Next-Generation Diagnostics


SARS-CoV-2 whole genome sequencing according to coronavirus surveillance regulation

Flow cell
© Fraunhofer IZI
To sequence them, the samples are applied to a FlowCell (shown in the image) and analysed afterwards.

The worldwide spread of SARS-CoV-2 (Severe acute respiratory syndrome coronavirus type 2) as well as new virus variants with putative increased risk of infection make a timely determination of the currently circulating virus strains necessary. With the aim to increase the number of SARS-CoV-2 genome sequencing in Germany and thus to detect the spread of the virus as well as the emergence of new variants at an early stage, the Coronavirus Surveillance Ordinance (CorSurV) came into force on 19 January 2021. This regulation requires that at least 5 % of all samples tested positive for SARS-CoV-2 must be sequenced (10 % if there are fewer than 70,000 new infections in a week nationwide). In addition, all sequencing data obtained must be transmitted to the RKI via the DESH platform and the findings must be reported to the ”Gesundheitsämter” in order to collect all data centrally.

To perform whole genome sequencing, an approach is used in which the complete viral genome is first amplified in sections, using specific PCR reactions. Subsequently, these genome sections are labeled with sample-specific barcodes as well as sequencing adapters. This allows multiple samples to be sequenced in parallel, i.e. the sequence of nucleic acid bases of each viral genome is determined. The resulting raw sequence data is subjected to bioinformatics analysis, in which the nucleic acid sequences of the individual genome segments are assigned to the corresponding samples and reassembled into a complete viral genome. Subsequently, the sequenced viral genome is aligned with the reference genome of the SARS-CoV-2 strain originally encountered in Wuhan. If relevant changes are detected compared to the reference genome, the new viral sequence is checked against a database to determine which viral variant it is. The results are compiled in a report and sent to the respective client (clinical partners or diagnostic laboratories), and the complete sequence data is transmitted electronically to the RKI.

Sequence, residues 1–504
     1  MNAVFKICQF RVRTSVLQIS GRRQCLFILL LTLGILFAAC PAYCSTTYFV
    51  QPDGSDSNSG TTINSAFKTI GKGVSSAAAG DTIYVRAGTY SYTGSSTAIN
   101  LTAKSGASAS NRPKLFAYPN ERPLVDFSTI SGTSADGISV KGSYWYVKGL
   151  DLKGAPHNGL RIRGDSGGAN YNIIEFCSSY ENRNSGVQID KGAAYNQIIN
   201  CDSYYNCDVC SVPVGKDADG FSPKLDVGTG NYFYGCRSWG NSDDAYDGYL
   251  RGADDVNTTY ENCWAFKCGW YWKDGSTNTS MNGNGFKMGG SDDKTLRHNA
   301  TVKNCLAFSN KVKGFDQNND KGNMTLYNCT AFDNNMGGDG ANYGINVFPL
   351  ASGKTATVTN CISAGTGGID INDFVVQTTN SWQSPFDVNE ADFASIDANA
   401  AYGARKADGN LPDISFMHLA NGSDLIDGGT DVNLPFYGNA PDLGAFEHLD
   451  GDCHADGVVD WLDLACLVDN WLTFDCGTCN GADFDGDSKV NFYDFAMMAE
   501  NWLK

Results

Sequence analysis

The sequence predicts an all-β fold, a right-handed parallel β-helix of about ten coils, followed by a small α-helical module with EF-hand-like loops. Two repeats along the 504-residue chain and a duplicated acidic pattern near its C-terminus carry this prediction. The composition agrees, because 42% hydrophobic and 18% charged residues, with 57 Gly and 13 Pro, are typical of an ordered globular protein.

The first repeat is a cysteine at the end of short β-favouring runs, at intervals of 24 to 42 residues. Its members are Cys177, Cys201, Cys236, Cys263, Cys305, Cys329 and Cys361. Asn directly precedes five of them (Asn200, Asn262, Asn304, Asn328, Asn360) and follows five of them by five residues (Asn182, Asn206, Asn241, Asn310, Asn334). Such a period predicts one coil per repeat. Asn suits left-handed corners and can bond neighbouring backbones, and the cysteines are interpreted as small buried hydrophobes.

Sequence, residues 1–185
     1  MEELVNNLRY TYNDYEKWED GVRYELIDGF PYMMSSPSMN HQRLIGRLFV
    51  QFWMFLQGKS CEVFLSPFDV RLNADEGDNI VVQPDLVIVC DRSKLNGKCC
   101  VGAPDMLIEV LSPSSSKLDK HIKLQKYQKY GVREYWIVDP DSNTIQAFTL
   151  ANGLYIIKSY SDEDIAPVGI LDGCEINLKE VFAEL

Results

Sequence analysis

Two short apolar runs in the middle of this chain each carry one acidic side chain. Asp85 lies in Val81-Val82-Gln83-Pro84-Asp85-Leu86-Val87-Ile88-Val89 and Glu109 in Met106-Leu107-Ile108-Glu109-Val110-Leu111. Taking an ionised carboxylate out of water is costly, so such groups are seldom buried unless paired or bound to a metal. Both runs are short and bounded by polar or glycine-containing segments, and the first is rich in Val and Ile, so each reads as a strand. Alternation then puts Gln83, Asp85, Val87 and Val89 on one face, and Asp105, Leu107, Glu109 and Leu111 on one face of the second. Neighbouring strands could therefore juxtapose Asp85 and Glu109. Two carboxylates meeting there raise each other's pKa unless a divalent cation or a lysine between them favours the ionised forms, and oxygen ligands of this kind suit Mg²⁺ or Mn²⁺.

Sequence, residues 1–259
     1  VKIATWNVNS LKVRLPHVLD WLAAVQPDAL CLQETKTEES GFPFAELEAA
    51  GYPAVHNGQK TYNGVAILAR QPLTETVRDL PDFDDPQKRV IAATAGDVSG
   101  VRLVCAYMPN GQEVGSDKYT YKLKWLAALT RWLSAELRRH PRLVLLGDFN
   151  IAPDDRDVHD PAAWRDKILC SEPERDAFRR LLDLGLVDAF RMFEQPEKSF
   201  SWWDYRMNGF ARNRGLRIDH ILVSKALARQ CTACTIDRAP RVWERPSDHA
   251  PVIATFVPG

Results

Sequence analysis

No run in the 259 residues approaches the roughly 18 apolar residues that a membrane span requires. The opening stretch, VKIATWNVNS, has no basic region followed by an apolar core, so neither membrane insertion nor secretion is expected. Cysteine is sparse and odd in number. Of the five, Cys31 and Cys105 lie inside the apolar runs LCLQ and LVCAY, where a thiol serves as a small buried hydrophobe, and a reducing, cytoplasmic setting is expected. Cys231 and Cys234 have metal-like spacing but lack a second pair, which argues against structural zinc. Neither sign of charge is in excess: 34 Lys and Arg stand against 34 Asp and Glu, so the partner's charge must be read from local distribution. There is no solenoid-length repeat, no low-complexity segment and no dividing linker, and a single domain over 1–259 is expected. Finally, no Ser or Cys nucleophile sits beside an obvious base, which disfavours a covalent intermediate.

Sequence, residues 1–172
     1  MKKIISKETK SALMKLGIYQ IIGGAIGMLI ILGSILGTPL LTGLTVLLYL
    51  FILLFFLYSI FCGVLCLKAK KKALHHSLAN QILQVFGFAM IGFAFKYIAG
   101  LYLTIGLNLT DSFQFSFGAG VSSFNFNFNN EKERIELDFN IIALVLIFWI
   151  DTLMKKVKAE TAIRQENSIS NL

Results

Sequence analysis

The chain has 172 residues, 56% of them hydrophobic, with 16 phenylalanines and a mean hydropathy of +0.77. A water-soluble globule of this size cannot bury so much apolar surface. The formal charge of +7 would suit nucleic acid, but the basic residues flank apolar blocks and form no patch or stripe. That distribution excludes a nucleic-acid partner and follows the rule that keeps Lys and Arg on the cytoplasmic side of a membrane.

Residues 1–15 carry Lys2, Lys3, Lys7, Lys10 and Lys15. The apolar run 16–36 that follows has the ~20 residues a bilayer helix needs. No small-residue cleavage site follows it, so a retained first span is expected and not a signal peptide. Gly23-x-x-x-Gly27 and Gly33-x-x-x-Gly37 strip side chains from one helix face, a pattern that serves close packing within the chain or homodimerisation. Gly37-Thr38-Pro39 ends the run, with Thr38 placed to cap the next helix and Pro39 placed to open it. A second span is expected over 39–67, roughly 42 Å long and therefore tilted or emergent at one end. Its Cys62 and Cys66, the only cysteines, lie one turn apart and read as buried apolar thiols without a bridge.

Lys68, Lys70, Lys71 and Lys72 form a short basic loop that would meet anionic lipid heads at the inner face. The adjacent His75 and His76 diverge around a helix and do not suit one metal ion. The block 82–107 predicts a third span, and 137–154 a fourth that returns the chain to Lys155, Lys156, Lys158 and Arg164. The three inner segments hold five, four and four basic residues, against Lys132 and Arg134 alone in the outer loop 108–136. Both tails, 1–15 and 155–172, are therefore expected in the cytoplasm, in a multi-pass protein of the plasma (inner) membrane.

Knowledge of the predominant virus variants, combined with information on the timing, frequency and location of occurrence, enables the determination of changes with regard to the speed of spread and severity of the disease caused and, if necessary, the initiation of appropriate measures by the relevant authorities.

Development of novel biomarkers to diagnose and predict prostate cancer

Semi-automated extraction of nucleic acids (RNA and DNA)
© Fraunhofer IZI
Semi-automated extraction of nucleic acids (RNA and DNA).

The changing demographic landscape is causing a steady rise in the number of oncological, chronic-inflammatory and degenerative diseases. Despite a similarly growing number of therapeutic options, treating these diseases often proves unsatisfactory. Personalized therapy can bring about fundamental progress here. For this to work, the molecular basis of a disease first needs to be precisely determined and the case-specific disease progression and response to therapy has to be predicted. Ever since the human genome was sequenced in full in 2001, the decoding of disease-relevant genes has opened up new options for developing tailor-made approaches to therapy. Alongside evidence of changes in DNA patterns (e.g. mutations), the investigation of RNA gene expression patterns by means of transcriptome-wide sequencing is increasingly shifting into focus.

As part of the RIBOLUTION project, funded by the Fraunhofer Future Foundation, new biomarkers were identified for prostate cancer based on transcriptome-wide (RNA) sequencing together with microarray analyses. Biomarkers were identified here that can diagnose the disease and also predict the aggressiveness of the cancer.

In order to validate and subsequently use these biomarkers for diagnostic purposes, a manageable number of biomarkers is to be identified using a simple test. To do this, a workflow for detecting diagnostic biomarkers in the urine, using quantitative real-time PCR (qPCR) was developed. For optimization purposes, suitable reference and target regions as well as primers and probes were tested in depth and the reaction conditions were adapted, among other things. For the assessment, the selected biomarkers were investigated in close cooperation with the Bioinformatics Unit using a specially developed algorithm.